On the evening of 6 August 1926, Alice Anderson donned her driving goggles and gloves, waved to the cheering crowds outside Melbourne’s Lyceum Club, and got into her tiny two-seater Austin 7. With her former teacher Jessie Webb beside her, the boot packed with two guns, sleeping bags, a compass, four gallons of water, a supply of biscuits, and, strangely, two potatoes with red curly wigs, she tooted the horn and set off. Her mission? A three-week pioneering trip to the never-never. ‘There is only one main route from Adelaide to Darwin, and that is only a camel track,’ the tiny young woman behind the wheel said breezily of the 2,607-kilometre journey ahead of her. ‘We are not going to stick to the beaten track.’
When historian Loretta Smith first came across a brief snapshot of Anderson in a biography of legendary garden designer Edna Walling, she was intrigued. At twenty-nine, Anderson had already crammed several incarnations into one short life: mechanic, inventor, entrepreneur, owner of Australia’s first all-women garage, and the first woman to provide a private motorised service to the public, but she was missing, like so many other pioneering women, from the pages of Australian history. Who, Smith wondered, was this rebellious, contrarian force of nature, ‘small and pugnacious’ as her family described her? In A Spanner in the Works, Smith brings Anderson’s outsized story to colourful life via an archaeological trawl through university archives, intimate letters, and interviews with relatives.
Anderson was born in 1897, and her love of speed emerged early. At the age of ten, she was flying along on her aunt Isabel’s bicycle; at twelve she was galloping through bush near the family’s run-down cottage in Victoria’s rugged north-west.
The so-called horseless carriage story had begun a little over a decade before Anderson’s birth, with Karl Benz’s unveiling of the first petrol car in Mannheim in 1885. By 1915, the year she slid behind the wheel of her birthday gift, a shiny, eight-seater Hupmobile, Australia’s motor-vehicle population had reached 38,000, representing one of the world’s quickest uptakes of car ownership at the time. As Smith writes, driving was aligned with notions of freedom, independence, and exploration – a seductive idea in such a vast country.
Women were not immune to this message. So-called ‘lady motorists’ were a new cultural phenomenon, despite a male backlash against female mobility (a letter by the Automobile Club Victoria’s solicitor arguing that ‘women drivers lack the nerve and judgement of the stronger sex’ was typical of the prevailing sentiment). Ground-breaking women motorists like French motorsport star Camille du Gast and British speedster Dorothy Levitt were busy proving men wrong from the 1900s onwards. Anderson was determined to join this intrepid band. She first learnt to drive lumbering char-à-bancs on the treacherous Black Spur before setting up a private chauffeuring service from her landlady’s backyard in Melbourne’s Kew. Wearing breeches, boots, a shirt, and a tie, she was often mistaken for a boy. Her clients came from Melbourne’s moneyed class; she drove them to the opera and theatre, scenic bush spots, and shopping expeditions on Chapel Street.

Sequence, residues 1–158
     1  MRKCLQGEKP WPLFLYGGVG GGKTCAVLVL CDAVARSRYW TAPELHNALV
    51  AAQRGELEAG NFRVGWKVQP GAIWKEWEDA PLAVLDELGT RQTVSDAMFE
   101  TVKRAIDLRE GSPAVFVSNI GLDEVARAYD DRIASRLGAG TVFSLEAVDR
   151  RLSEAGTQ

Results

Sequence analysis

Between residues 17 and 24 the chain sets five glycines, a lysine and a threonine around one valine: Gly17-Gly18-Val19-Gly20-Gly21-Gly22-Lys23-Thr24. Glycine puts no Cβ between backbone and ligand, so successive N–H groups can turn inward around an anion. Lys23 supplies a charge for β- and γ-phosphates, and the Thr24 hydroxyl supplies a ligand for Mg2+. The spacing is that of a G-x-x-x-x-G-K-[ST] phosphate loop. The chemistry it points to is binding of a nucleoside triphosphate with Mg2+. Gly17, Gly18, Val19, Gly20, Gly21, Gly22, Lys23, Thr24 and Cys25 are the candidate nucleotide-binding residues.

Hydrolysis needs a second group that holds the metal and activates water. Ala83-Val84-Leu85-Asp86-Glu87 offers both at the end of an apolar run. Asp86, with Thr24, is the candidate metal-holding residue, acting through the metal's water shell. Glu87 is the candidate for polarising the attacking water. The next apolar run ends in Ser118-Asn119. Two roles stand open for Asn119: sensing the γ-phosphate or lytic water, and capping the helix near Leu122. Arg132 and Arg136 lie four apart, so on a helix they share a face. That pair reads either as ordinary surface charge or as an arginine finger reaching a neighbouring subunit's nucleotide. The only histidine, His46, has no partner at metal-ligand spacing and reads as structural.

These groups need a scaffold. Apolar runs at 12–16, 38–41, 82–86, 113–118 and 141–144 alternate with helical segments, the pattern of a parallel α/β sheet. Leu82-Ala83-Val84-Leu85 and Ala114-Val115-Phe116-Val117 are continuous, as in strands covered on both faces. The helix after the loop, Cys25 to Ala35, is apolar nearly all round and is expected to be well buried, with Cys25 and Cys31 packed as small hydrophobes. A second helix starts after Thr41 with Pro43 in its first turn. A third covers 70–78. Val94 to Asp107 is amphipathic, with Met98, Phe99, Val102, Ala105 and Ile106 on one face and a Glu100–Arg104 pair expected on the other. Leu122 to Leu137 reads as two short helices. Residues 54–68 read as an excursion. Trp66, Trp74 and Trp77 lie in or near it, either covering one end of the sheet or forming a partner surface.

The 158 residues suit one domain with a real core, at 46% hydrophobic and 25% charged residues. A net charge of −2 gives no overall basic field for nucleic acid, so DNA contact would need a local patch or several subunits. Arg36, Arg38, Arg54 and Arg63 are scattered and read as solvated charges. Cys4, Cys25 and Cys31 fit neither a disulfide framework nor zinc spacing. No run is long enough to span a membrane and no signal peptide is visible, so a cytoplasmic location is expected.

In 1919, Miss Anderson’s Motor Service, an all-women garage staffed by a band of handpicked and trained garage girls, opened with a launch party including the likes of a young Robert Menzies and Dame Nellie Melba. The press breathlessly charted the rise of this ‘boyish-looking figure in dungarees generously ornamented with very real grease’; the deeply conservative Melbourne establishment, unsettled by her bold flouting of social and gender codes, murmured darkly about sexual ‘inverts’ and moral transgressions.
It is a strength of this book that Smith weaves Anderson’s story so adeptly into this wider tapestry of sexual politics, cultural mores, and the development of feminism in 1920s Australia, although feminist motoring historian Georgine Clarsen believes Anderson was part of a generation of ‘radical individualism’ prizing individual accomplishments over gender difference.
Flipping a defiant finger at the naysayers, Anderson trained more than thirty young female chauffeurs, invented a trolley device that would later be copied to global success, and led touring parties to South Australia, New South Wales, and Tasmania.
Then came that historic trip to Australia’s Dead Heart. Crowds cheered as the tiny Austin, covered in red dust, chugged into Alice Springs. Here, Anderson would cross paths with young British pioneer aviator Alan Cobham. It was a serendipitous meeting; back in Melbourne, she had already begun plans to attain her pilot’s licence. As Smith writes, ‘Alice was ready to fly above the clouds.’
A mere week later, however, Anderson was dead. On a Friday evening, 17 September 1926, two of her garage girls found her bleeding from a gunshot to the head. A coronial inquest concluded that her death was accidental, but Smith suggests that this is far from the complete truth.
Smith’s mission was to exhume Anderson from history’s footnotes and to reinstate her as one of Australia’s true pioneers, but we are left with a sense of frustrating intangibility, a big question mark around this truncated life. Who would Anderson have gone on to become? What was her true destiny: motoring pioneer or daredevil aviatrix? Might she have become another Nancy Bird Walton?
As Smith writes, ‘the past can throw up fragments that raise more questions than they answer: pieces like a photograph or letters that tell part of a story, leaving us to guess at the rest.’